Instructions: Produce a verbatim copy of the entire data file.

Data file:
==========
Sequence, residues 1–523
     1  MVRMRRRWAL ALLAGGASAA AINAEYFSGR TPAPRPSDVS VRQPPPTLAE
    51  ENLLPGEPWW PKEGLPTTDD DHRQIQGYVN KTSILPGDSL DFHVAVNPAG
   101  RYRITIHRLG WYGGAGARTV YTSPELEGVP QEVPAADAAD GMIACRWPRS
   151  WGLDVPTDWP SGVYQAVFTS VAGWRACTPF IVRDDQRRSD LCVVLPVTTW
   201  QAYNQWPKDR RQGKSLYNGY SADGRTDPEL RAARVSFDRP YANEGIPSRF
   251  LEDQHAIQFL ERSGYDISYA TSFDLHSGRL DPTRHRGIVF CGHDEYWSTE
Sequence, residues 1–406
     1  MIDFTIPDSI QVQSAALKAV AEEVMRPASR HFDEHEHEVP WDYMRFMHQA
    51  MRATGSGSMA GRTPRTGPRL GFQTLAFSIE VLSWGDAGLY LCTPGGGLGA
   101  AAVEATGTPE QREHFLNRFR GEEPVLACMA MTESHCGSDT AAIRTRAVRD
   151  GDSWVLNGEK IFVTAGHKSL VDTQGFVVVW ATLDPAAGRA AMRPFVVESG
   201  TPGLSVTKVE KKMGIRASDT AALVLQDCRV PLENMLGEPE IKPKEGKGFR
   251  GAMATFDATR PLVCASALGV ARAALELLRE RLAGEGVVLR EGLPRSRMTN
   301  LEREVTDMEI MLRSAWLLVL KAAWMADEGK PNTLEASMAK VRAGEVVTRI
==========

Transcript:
Sequence, residues 1–523
     1  MVRMRRRWAL ALLAGGASAA AINAEYFSGR TPAPRPSDVS VRQPPPTLAE
    51  ENLLPGEPWW PKEGLPTTDD DHRQIQGYVN KTSILPGDSL DFHVAVNPAG
   101  RYRITIHRLG WYGGAGARTV YTSPELEGVP QEVPAADAAD GMIACRWPRS
   151  WGLDVPTDWP SGVYQAVFTS VAGWRACTPF IVRDDQRRSD LCVVLPVTTW
   201  QAYNQWPKDR RQGKSLYNGY SADGRTDPEL RAARVSFDRP YANEGIPSRF
   251  LEDQHAIQFL ERSGYDISYA TSFDLHSGRL DPTRHRGIVF CGHDEYWSTE
Sequence, residues 1–406
     1  MIDFTIPDSI QVQSAALKAV AEEVMRPASR HFDEHEHEVP WDYMRFMHQA
    51  MRATGSGSMA GRTPRTGPRL GFQTLAFSIE VLSWGDAGLY LCTPGGGLGA
   101  AAVEATGTPE QREHFLNRFR GEEPVLACMA MTESHCGSDT AAIRTRAVRD
   151  GDSWVLNGEK IFVTAGHKSL VDTQGFVVVW ATLDPAAGRA AMRPFVVESG
   201  TPGLSVTKVE KKMGIRASDT AALVLQDCRV PLENMLGEPE IKPKEGKGFR
   251  GAMATFDATR PLVCASALGV ARAALELLRE RLAGEGVVLR EGLPRSRMTN
   301  LEREVTDMEI MLRSAWLLVL KAAWMADEGK PNTLEASMAK VRAGEVVTRI